Racing: Oaks can fall to O'Brien machine

Click to follow
The Independent Online
THREE MINUTES and forty five seconds is not a great deal of time when you are trying to get the hang of something as dramatic and unpredictable as racing, still less so when you are a horse and, by definition, not too bright. This, though, is the sum total of racecourse experience which Zahrat Dubai can call upon as she attempts to win the Oaks today, and it could prove to be a more significant figure than any of those in front of her opponents' names on the Epsom racecard.

The reason is, quite simply, that on the evidence of the form book, one of the few ways she can be beaten is if she beats herself. Few Classic trials are won with the authority which Zahrat Dubai imposed on the Musidora Stakes at York, fewer still leave no doubts about the winner's stamina, or ability to handle the going when the big day arrives. But that was the situation on the Knavesmire three weeks ago, and little has happened to dim the memory.

Zahrat Dubai will stay, there is no reason to think she will not come down the hill, and she should improve too, after just two trips to official meetings and to a trial in Dubai back in April which was, to all intents, the second race of her career. Nor is it a worry that the weather gods and their representative on earth, Andrew Cooper, Epsom's clerk of the course, have between them conspired to produce an easy surface. Near-identical conditions prevailed at York on Musidora Day. Little wonder then that she is a 15-8 chance.

Yet there is still one brief phrase from the post-race debriefing which gnaws at the confidence. According to Simon Crisford, Godolphin's racing manager, Zahrat Dubai has "a slightly nervy temperament".

It may come to nothing. This is, after all, the Oaks, not the Derby, and there will probably be many more spectators - and much more of an atmosphere - at tonight's England B football international. It may also be mere paranoia to note that Godolphin have decided to back up Zahrat Dubai's challenge with Kilting, who was punted from 20-1 to 5-1 in the space of a couple of hours this week.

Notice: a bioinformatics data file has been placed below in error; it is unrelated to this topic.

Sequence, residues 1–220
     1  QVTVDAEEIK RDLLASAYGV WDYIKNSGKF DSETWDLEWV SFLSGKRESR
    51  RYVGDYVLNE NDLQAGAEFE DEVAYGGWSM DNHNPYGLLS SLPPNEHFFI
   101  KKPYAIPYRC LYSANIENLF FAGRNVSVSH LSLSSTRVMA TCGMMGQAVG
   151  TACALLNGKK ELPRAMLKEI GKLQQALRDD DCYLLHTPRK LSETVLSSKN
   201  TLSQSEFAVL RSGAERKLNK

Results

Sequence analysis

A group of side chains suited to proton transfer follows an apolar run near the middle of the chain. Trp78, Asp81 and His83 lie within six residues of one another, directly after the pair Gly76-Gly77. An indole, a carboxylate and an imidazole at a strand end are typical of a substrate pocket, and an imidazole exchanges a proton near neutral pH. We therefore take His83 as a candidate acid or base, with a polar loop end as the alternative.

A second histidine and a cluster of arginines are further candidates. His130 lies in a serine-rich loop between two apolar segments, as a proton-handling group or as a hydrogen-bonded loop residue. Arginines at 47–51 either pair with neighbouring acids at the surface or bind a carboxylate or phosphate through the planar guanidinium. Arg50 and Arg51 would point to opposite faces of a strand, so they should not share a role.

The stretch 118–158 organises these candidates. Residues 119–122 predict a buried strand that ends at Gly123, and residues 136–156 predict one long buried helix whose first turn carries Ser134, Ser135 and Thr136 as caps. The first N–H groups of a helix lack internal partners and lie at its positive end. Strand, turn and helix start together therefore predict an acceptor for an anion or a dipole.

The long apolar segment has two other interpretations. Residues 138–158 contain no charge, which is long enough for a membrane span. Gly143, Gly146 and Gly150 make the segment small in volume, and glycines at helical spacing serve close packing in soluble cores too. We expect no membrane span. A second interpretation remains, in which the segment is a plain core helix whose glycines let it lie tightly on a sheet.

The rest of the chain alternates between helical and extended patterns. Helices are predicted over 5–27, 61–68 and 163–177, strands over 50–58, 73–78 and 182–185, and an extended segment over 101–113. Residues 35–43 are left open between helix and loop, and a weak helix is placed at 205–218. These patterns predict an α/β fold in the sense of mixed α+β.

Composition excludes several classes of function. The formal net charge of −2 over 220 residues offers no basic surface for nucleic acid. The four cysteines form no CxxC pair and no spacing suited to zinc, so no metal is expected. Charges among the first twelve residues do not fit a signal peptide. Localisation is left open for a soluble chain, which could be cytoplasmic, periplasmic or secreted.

The nagging suspicion, though, is that Zahrat Dubai may not be quite the unshakeable favourite she appears to be. Indeed, you could argue that no filly could ever merit such a short price for the Oaks, given that so many of her rivals are stepping up to 12 furlongs for the first time and capable of showing immense improvement.

The implication of this way of thinking is that there must be a value alternative in the field. Ramruma, the second favourite, won the Lingfield Oaks Trial well, but may have beaten little. A similar comment could apply to Claxon, the Lupe Stakes winner, and France's Sunday Picnic, while Kilting has done little - in public at least - to justify her prominence in the betting.

This leaves two interesting options for punters. The first, for real optimists, is Miss Amanpuri, who was fourth in the Lupe, but ran on with real vigour through the last furlong. She will not win today, but could come through beaten horses to snatch a place at an outrageous price.

The other is Aidan O'Brien's SUNSPANGLED (nap 4.00), whose cv is remarkably similar to that of Shahtoush, his Oaks winner 12 months ago. Though beaten in both the English and Irish 1,000 Guineas, Sunspangled showed enough in those Classics to imply that she could recapture her Group One-winning juvenile form granted a test of stamina. The Oaks could be just what she needs, and 9-1 is too generous a price to refuse.

The Coronation Cup, the day's second Group One event, is equally competitive. The best of the seven runners may be Dream Well (3.20), last year's French and Irish Derby winner, although the strength in depth is such that no outcome could be described as a surprise.

Norfolk Reed (2.10) and Song `N Dance Man (next best 2.45) could also help to swell the betting bank ahead of tomorrow's Derby, for which a field of 18 remains after yesterday's final declarations. Markan, High King and Williamshakespeare were the horses to come out, although Saffron Walden, a leading figure in the ante-post market, could yet go to the French equivalent on Sunday if the ground at Epsom deteriorates further.

Comments